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The first Lakeville Journal

Hidden Histories

Near the end of the 19th century, when Salisbury was dry and the nearest place to buy drink stronger than sarsaparilla was Millerton, when whippoorwills could still be heard on summer nights, when the butcher filled orders from a covered wagon he pulled up to back porches and rush hour on Main Street meant slow-ambling cows at milking time —  the big news in town was the launch of this newspaper.

The first Lakeville Journal was published on August 14, 1897 from its office on The Old Turnpike (Main Street) in Lakeville, in the building that now houses Argazzi Art. It came out on Saturday mornings and could be had for a nickel, or $1.50 for an annual subscription.

“A paper helps a town, and a town helps a paper,” observed one of the many letters from newspapers as far away as the North Dakota Republican congratulating Colvin “Col” Card, the paper’s first publisher, and Irving J. Keyes, its first editor. Their first editorial promised that the paper would not engage in “favoritism toward any class of people or any particular individual.”

The first issues were four-pagers: front and back printed by a syndicate in New York that covered national news, while inside pages featured original reporting printed locally. Why the split? All type was set by hand in those days, each letter pressed into place, so printing a weekly larger than a “single-sheeter” was beyond the capacity of a small shop.

Beneath its masthead, the Journal announced itself as “A Local Paper, Devoted to the Interests of Lakeville and the Towns of Salisbury and Sharon” but from its beginning, columns included the interests of readers beyond and locally: Ore Hill Rumblings; Lime Rock Happenings, Twin Lakes Correspondence and Chapinville (later, Taconic) Events.

What would you have read if you’d picked up the first issue while, say, waiting for a shave in the barber shop that is now Deano’s Pizza?

You’d have learned that the Prime Minister of Spain had just been assassinated and that two hundred women escaping a heat wave in Russia had drowned in a bathhouse, but the story that would have grabbed you was the one that got the most ink: the Alaskan Gold Rush.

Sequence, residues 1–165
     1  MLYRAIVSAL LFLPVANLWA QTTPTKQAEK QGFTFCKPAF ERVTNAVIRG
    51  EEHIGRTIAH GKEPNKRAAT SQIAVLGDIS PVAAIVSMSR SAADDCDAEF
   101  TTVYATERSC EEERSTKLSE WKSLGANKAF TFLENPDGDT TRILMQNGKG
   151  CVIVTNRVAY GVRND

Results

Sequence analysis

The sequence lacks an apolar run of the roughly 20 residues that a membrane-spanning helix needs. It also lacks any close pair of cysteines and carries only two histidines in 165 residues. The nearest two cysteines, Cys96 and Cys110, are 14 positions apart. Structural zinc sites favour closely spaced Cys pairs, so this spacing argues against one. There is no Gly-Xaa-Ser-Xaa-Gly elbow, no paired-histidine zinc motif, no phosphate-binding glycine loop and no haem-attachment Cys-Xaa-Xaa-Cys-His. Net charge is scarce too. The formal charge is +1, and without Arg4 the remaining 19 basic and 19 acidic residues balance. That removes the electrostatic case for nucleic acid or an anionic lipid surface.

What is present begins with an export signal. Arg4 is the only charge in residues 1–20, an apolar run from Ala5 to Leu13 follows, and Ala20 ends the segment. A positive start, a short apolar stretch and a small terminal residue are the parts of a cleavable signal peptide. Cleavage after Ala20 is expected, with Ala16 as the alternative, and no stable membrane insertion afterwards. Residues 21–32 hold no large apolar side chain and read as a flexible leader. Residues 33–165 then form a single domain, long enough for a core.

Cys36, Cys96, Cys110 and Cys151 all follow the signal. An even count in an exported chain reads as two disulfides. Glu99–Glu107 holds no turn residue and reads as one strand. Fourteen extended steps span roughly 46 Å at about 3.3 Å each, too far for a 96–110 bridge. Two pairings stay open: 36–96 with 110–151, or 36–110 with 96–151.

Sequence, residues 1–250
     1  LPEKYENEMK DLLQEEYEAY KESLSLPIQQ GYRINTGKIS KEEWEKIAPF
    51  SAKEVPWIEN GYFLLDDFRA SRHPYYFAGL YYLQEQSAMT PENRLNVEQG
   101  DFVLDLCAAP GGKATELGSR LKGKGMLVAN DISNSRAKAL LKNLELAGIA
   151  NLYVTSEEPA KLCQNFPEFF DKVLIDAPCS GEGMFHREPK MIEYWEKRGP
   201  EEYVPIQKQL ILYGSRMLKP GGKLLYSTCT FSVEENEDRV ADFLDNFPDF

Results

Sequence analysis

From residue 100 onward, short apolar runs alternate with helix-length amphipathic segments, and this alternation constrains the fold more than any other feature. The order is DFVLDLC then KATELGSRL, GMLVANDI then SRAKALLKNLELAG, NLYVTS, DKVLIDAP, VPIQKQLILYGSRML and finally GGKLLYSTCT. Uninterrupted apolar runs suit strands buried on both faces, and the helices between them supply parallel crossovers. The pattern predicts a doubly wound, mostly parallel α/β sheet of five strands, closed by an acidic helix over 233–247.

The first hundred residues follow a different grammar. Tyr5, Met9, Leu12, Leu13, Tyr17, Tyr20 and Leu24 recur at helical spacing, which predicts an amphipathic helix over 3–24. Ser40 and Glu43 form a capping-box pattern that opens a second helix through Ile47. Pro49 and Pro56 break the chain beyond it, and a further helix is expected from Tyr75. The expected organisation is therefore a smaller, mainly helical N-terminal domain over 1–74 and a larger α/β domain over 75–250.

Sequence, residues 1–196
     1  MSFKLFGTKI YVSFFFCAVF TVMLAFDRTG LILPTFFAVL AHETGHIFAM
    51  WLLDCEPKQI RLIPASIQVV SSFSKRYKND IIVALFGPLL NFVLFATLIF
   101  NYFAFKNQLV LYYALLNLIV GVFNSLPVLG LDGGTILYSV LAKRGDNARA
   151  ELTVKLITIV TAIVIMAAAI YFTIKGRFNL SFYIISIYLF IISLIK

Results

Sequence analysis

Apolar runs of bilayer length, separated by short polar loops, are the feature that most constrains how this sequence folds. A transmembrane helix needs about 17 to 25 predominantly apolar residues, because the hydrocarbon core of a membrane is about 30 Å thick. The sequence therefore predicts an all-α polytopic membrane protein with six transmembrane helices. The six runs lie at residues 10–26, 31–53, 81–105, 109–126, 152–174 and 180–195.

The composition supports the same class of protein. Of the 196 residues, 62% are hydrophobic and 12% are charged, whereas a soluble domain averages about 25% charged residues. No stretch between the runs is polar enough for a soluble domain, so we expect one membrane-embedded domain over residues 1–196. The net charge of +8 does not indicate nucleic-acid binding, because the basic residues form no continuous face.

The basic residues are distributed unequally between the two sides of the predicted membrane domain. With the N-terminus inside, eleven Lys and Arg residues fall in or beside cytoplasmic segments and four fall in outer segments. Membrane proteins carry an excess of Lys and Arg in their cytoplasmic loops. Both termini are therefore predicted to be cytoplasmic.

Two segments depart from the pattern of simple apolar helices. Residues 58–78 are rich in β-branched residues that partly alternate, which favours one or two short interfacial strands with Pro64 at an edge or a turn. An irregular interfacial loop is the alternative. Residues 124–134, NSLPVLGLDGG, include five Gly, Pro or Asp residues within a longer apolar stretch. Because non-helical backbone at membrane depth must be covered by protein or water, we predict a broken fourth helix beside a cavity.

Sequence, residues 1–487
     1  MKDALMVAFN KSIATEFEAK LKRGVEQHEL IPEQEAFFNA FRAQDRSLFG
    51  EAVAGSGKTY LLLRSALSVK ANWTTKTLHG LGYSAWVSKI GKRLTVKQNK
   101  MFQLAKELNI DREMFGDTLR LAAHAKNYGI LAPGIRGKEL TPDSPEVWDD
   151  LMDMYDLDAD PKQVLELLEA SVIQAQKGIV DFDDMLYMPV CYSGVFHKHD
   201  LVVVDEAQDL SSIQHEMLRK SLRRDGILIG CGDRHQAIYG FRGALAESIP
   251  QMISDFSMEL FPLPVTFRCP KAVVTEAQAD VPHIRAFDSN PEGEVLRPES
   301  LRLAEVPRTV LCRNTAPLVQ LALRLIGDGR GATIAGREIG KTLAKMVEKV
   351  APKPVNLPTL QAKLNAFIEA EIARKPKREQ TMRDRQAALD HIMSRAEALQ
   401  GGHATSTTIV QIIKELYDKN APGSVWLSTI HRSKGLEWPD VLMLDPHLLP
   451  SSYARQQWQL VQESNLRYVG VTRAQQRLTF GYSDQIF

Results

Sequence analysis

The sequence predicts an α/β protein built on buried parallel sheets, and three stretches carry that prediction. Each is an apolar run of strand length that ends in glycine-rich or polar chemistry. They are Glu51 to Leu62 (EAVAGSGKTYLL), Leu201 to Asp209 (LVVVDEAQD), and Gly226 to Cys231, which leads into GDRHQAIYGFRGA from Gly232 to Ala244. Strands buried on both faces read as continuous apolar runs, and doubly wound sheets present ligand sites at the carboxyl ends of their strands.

“Alaska Will Be Paved with the Bones of Gold Hunters!” predicted a headline, warning that tens of thousands of Americans from all walks of life embarking on a trek to pan for gold in the Yukon Valley were engaging in a “Rush to Almost Certain Death.” The U.S. Secretary of the Interior issued a stern “Warning to Gold Hunters,” printed in its entirety.

That some from around here were caught up in the fever seems apparent from an ad run by a Lakeville purveyor of luggage using key words of the time: “Ho, For Alaska! Trunks, Strong and Large, To hold $1,000,000 in gold dust!”

Inside pages held quieter news: 600 attended a regatta on Lake Wononscopomuc; Myron Holley opened an ice cream parlor; Peter Turner was laying out a new sidewalk fronting his house; and a Millerton driver had passed through Lakeville “like a streak of lightning... driving his black road horse at a 8 minute clip.”

Classified ads appeared in the second issue under “Everybody’s Column” and included an offering for a mail-order course in shorthand instruction and a warning from the Town’s First Selectman that “all persons found bathing in Lake Wononscopomuc between 8 am and 7 pm without suitable bathing suits will be punished.”

A “Letters from the People” column was added and soon the paper became a clearinghouse for fact and opinion, a pressure for accountability in town governance and a font of information on both sides of local issues.

What were the local issues? According to an editorial in May 1901, “What All Would Like to See” were:

- A system of street lights for Lakeville

- Something in the shape of real sidewalks

- The formation of a Fire Company with plenty of material

- Some of the holes in sidewalks and gutters filled up

- A practical sanitary sewer system

- A larger turnout than ever before on Memorial Day

 

I’m grateful to The Lakeville Journal for helping our community achieve these past goals, and for enduring to help us implement civic changes we wish for today.

 

Helen Klein Ross is a writer who lives in Lakeville. Her late husband, Donald K. Ross, was a foundation executive who helped this paper navigate the early days of its nonprofit venture.

 

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